Whether you LOVE it,
“Advertising is the greatest art form of the 20th century.” -Marshall McLuhan
“Expensive advertising courts us with hints and images. The ordinary kind merely says, Buy.” -Mason Cooley
“Advertising is the art of convincing people to spend money they don’t have for something they don’t need.” -Will Rogers
“Advertising is legalized lying.” -H. G. Wells
“I do not regard advertising as entertainment or an art form, but as a medium of information.” -David Ogilvy
We all live inside the “consumer culture”: a culture filled with wonderfully manipulative images that make us long for something we can do just fine without, or so some people wish to believe. Others, the more optimistic or naive — it depends on your view — believe these images (advertisements) give us a view to a future, better self. Now, I believe images can be a powerful way of conveying a message. After all, a picture is worth a thousand words. But, in the end, images, though I admit some are more deceitful then others, merely suggest a course of action that will lead you to a possible happiness. It’s very much like how William Feather explains it: “The philosophy behind much advertising is based on the old observation that every man is really two men – the man he is and the man he wants to be.” Inside this “consumer culture” we are indefinitely asked the question of who would we rather be––ourselves or the confident, attractive person staring back at us from that poster or television set.
Jhally explains that advertising is no longer a simple act of manipulating buyers into purchasing products, but is now a sort of partipulation, “with the audience participating in its own manipulation” (Sut Jhally, pg. 251). He means that they are enveloping our social needs and cultures into their products which we then believe we must have. A good quality of life is Jhally’s definition of happiness—what everyone wants and what the marketplace wishes to provide. People have reported that the things that make them happy are not tangible. Instead, people are seeking social fulfillment like good friendships, loving relationships, and control over one’s life. Since the marketplace cannot provide these social desires directly, it aims to connect their product with said social desire. Advertisers know their goods don’t directly lead to happiness, but they do know that the goods facilitate achievement of the dream-like image that they portray. We believe this is a smart way of going about it, because it is getting harder and harder to sell material products when it’s not what people want. But we also agree with Jhally’s argument that this could be a problem in society. When people buy these products that connect to their aspirations of happiness, they expect happiness. What they often get is merely the image of that happiness. Jhally quotes social thinkers who describe it as a “joyless economy” (Sut Jhally, pg. 251). The marketplace mindset is that satisfaction will come through it’s products, so they orient everything around our desires, and ultimately we still end up being tricked into buying happiness.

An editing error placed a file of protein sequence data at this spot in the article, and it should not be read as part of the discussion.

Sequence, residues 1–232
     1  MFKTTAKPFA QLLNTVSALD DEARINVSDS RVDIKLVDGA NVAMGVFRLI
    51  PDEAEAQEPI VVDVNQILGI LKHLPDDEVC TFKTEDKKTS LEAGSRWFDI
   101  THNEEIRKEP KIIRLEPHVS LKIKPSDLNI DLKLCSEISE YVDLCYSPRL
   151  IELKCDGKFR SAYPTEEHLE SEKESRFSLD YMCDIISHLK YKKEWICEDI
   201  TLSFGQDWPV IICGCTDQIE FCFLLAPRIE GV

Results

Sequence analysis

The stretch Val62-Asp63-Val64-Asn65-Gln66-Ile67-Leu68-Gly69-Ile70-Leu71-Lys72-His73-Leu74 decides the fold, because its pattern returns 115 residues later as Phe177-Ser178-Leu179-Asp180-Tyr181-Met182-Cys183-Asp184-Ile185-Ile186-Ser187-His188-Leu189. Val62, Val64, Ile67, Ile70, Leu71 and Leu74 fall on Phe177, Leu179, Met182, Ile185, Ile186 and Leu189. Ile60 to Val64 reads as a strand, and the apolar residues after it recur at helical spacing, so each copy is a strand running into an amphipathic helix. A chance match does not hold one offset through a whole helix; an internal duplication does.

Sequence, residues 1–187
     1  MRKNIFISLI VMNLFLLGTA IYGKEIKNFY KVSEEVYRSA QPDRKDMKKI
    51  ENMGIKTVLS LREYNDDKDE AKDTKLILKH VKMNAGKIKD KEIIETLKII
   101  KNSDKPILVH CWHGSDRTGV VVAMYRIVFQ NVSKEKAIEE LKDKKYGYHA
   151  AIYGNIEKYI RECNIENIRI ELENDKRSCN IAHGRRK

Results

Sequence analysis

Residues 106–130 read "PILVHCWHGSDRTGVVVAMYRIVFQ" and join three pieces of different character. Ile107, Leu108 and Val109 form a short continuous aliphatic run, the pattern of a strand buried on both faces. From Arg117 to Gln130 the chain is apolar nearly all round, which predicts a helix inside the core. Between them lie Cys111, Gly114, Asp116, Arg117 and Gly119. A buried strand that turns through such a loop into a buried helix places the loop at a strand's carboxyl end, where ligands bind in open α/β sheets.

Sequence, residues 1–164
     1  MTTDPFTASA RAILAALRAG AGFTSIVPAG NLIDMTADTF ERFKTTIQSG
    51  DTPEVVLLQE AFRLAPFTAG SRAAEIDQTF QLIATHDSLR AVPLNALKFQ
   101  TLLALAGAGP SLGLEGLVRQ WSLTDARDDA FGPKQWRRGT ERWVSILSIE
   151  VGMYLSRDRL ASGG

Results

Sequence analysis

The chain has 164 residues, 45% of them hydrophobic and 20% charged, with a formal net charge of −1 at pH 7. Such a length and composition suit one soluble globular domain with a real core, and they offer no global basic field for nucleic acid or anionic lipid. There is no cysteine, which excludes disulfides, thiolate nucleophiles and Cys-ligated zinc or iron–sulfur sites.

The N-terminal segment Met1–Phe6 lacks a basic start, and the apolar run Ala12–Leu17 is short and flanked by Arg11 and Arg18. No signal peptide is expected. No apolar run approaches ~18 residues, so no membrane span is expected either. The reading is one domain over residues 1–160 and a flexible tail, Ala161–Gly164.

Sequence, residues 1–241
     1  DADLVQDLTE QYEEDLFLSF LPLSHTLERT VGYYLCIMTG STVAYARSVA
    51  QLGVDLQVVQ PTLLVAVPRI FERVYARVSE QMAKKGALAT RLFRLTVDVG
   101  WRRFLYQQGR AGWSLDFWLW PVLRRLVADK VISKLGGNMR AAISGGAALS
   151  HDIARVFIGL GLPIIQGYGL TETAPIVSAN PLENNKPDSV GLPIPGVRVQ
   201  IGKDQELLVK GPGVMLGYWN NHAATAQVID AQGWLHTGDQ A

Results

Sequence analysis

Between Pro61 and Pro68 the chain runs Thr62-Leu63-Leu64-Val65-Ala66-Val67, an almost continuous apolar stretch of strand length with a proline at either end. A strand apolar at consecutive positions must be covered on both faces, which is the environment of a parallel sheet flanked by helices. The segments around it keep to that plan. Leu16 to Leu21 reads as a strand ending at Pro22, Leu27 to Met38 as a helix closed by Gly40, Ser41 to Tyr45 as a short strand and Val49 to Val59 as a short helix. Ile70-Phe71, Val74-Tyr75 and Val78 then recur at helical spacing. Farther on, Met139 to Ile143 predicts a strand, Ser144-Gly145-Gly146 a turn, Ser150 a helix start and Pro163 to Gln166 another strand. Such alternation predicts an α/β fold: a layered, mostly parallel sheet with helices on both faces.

Grade us medium please:)
“…advertising is not simple manipulation, but what ad-maker Tony Schwartz calls ‘partipulation,’ with the audience participating in it’s own manipulation” (251).
This is a quote Colton Revia & I found very interesting when speaking in class. So, advertisements must go beyond their product’s values to reach consumers. A typical consumer is more interested and possibly provoked to purchase a product from an advertisement that is ‘catchy’ or entails an attractive desire rather than facts about the product. What does this mean? Well, for companies who want to sell their product, that means they must identify and target an audience through an effective non-product-related idea. They have to include their product in an image, where the consumer might see anything he or she is longing for. The consumer will associate those longing-desires with that product, and hopefully buy the product based on that interested feeling. But, another conclusion that could be drawn is that it is our feelings of dissatisfaction – wanting more or different – that provoke action stronger than feelings of satisfaction. The washer/dyer and automobile industries have picked up on this already and REALLY BREAK OUR WALLETS sometimes with the way they respond to it. They know that if your car could run 100 mpg and last a long time with out repairs (two improvements most people wish they had) the consumer would be “happy – satisfied” but they would loose sales. Why? People stop buying things when they are happy – when they have what they need. Same with washer/dryers; they are made to break. A happy customer with a machine that doesn’t need repair won’t be making many purchases. Well, same with people and everything about them. When you are happy with yourself, your body, you life and your choices, you are much less likely to make a change. But when you are having the worst times and don’t know what to do – you usually try something different. So, advertising as an industry plays on our weak points – continues to show us what could be better, where improvements are needed, and people who have things figured out better than we do – to provoke an unhappiness that you might possibly try to fill with their product.